Page continued: “A lot of us Americans thought we had said goodbye to the sort of religious bigotry that marked the nation’s past. It erupted ferociously against the presidential run by New York Gov. Al Smith, a Catholic, in 1928. The election in 1960 of a Catholic, John F. Kennedy, despite vocal opposition from some throwbacks, seemed to put that religious test question to rest.”
Carson’s comments on the issue drew other reactions from fellow presidential Republican candidates.
Florida Sen. Marco Rubio reacted by saying that faith should not be a reason to disqualify anyone from the presidency. However, he added that a person who believes in or subscribes to Sharia law should not be put into public office in the United States in any case.
South Carolina Sen. Lindsey Graham criticized Carson for his comments. Posting on Twitter, Graham wrote: “Carson is not ready to be Commander-in-Chief. America is an idea, not owned by a particular religion. Carson needs to apologize to American Muslims. He is a good doctor, but clearly not prepared to lead a great nation.”
Former Florida Gov. Jeb Bush also said an individual’s faith is not relevant to seeking the presidency or any public office. “The United States Constitution is clear,” Allie Bradenburger, a Bush campaign spokesperson, said in an email to the Guardian. “It prohibits religious tests for public office.”
Former Arkansas Gov. Mike Huckabee did not directly attack Carson. He just said: “I think it would depend on the individual. I don’t think we ought to just disqualify somebody because of his or her faith.”
In more measured words, ardent conservative Ted Cruz disagreed with Carson. In an interview with an Iowa news agency, the Texas senator said: “You know, the Constitution specifies there shall be no religious test for public office and I am a constitutionalist.”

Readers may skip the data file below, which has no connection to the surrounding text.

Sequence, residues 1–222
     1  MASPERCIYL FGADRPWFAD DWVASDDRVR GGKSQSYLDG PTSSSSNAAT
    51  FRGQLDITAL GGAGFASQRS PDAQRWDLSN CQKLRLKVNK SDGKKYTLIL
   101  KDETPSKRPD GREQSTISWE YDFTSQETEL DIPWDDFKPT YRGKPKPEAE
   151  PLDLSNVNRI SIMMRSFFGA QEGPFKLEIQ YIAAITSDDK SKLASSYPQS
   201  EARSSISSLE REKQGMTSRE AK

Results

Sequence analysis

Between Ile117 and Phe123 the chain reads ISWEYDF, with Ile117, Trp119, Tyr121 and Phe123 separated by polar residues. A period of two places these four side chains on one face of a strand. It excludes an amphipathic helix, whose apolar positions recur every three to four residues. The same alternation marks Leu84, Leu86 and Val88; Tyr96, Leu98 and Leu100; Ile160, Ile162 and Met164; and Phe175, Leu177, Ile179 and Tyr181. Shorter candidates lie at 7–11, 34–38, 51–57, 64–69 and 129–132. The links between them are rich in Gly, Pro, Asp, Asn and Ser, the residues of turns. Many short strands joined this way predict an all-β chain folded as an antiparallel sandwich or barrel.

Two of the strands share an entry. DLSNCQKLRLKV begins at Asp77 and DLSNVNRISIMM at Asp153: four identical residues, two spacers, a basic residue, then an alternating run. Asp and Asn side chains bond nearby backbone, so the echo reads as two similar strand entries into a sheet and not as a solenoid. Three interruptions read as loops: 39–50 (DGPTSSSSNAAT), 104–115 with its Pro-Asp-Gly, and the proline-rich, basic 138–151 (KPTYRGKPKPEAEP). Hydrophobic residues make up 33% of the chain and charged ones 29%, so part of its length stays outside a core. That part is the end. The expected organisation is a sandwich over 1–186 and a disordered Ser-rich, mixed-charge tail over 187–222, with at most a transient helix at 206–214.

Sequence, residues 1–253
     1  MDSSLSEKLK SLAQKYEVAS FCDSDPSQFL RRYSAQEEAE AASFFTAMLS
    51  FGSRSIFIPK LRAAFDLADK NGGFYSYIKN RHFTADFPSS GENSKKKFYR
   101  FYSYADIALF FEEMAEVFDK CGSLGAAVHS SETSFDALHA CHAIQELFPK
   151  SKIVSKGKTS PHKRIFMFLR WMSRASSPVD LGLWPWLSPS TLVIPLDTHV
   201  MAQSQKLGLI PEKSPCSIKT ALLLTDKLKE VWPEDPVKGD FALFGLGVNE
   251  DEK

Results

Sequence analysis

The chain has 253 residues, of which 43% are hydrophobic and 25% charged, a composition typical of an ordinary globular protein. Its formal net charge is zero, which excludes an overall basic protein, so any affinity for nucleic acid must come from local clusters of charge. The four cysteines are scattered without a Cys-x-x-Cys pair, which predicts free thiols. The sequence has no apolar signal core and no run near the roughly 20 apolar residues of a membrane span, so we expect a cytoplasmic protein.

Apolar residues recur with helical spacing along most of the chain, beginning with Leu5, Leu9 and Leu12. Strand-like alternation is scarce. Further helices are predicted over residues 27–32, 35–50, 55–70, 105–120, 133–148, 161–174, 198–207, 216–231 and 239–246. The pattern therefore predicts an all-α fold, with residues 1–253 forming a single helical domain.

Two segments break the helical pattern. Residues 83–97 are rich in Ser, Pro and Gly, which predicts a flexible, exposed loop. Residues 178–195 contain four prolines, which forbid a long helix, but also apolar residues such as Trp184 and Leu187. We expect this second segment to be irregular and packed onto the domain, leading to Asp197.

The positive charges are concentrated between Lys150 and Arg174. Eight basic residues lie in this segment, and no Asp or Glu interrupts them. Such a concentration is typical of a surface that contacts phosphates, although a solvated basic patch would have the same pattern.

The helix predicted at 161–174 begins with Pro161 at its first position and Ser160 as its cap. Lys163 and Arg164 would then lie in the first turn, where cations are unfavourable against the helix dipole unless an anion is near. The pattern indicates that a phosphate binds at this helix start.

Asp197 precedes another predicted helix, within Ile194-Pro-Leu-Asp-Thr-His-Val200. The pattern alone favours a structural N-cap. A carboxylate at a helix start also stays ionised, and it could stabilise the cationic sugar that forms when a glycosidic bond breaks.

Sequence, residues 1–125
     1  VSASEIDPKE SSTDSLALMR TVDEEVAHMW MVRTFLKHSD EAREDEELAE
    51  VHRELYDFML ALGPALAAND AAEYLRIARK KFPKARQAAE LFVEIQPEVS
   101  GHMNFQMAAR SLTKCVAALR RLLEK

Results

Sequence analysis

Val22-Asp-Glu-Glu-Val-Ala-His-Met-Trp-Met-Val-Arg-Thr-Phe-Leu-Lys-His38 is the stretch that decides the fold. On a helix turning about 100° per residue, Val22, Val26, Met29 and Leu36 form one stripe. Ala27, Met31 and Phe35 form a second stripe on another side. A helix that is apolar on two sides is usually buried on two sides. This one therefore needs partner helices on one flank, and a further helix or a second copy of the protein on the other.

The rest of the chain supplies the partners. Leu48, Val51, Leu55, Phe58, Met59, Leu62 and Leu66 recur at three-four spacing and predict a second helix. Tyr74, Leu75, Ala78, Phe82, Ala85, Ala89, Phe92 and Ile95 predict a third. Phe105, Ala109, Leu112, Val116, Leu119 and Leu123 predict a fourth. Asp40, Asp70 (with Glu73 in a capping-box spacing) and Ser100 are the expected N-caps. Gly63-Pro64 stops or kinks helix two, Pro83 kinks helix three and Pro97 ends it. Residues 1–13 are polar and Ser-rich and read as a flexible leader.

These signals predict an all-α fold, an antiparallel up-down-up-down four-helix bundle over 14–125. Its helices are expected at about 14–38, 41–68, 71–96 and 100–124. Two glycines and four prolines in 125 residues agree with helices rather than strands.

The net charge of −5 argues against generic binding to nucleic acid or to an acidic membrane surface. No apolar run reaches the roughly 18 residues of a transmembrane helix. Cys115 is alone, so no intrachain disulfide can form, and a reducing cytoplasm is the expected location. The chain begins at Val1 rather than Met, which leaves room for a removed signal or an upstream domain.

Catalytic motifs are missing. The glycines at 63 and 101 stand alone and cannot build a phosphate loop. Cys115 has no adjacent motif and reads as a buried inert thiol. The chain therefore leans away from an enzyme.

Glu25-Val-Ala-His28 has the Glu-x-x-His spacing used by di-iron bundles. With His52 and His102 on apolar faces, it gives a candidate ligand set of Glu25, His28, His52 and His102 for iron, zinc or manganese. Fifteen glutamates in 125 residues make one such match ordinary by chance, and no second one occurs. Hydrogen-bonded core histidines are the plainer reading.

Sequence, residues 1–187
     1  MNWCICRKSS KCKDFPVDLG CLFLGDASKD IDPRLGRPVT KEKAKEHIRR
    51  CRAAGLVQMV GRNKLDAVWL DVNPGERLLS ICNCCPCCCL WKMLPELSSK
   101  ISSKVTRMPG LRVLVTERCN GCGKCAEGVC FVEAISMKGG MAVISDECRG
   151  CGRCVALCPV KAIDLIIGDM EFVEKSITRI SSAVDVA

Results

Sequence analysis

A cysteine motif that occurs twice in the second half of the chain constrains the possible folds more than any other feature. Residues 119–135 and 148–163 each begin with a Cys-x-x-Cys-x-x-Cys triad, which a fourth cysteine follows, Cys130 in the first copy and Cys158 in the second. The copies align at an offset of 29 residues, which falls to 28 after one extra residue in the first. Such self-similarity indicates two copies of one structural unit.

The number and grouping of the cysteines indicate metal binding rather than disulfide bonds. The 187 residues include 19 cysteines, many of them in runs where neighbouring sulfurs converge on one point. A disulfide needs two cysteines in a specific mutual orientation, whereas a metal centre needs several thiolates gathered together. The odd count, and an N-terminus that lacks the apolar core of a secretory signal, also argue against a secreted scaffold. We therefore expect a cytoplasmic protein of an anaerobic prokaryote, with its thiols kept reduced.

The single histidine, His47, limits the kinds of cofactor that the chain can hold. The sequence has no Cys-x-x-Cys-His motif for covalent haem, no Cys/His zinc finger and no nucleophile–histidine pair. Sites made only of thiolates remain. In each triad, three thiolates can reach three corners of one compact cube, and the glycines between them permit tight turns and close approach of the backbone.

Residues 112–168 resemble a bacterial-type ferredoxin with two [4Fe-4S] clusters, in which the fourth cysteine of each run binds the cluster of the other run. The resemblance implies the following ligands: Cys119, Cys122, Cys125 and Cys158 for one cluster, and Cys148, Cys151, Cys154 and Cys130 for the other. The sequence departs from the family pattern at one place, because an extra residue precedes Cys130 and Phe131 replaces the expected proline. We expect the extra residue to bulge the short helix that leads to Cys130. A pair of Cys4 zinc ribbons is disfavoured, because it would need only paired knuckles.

Democratic Party presidential candidate Hillary Clinton wrote on her Twitter: “Can a Muslim be President of the United States of America? In a word: Yes. Now let’s move on.”
Carson is not alone in his views that promote Islamophobia in the country. Republican presidential candidate Donald Trump has showed signs of rabble-rousing. He has said that U.S. President Barack Obama was foreign born, even trying to call Obama a Muslim. In an interview, Trump said, “Muslims are phenomenal people, but like everything else you have people where there are problems.”
Reacting to the Gallup Poll, former Democratic state legislator Rashida Tlaib of Michigan found the results reassuring because they show that a huge number of Americans do respect those coming from various religious backgrounds. She added that there are not enough Muslim candidates running for office. Tlaib is the first Muslim woman elected to the Michigan Legislature.
Tlaib said it is not impossible to have a Muslim American president, considering that Obama is biracial. Some high-profile officials are Muslim, including Congressmen Andre D. Carson, D-Ind., and Keith Ellison, D-Minn., she said.
“If the 60 percent is to be used as a proxy of acceptance of Muslims, I am encouraged by an upward trajectory,” said Saud Anwar, mayor of South Windsor, Conn. He is the state’s first Muslim mayor.
A recent workshop by the Institute for Social Policy and Understanding in partnership with the Prince Alwaleed Bin Talal Islamic Studies Program at Harvard University showed that as more American Muslims join public service, they are “uniquely positioned to elevate the perception and understanding of Islam and Muslims.”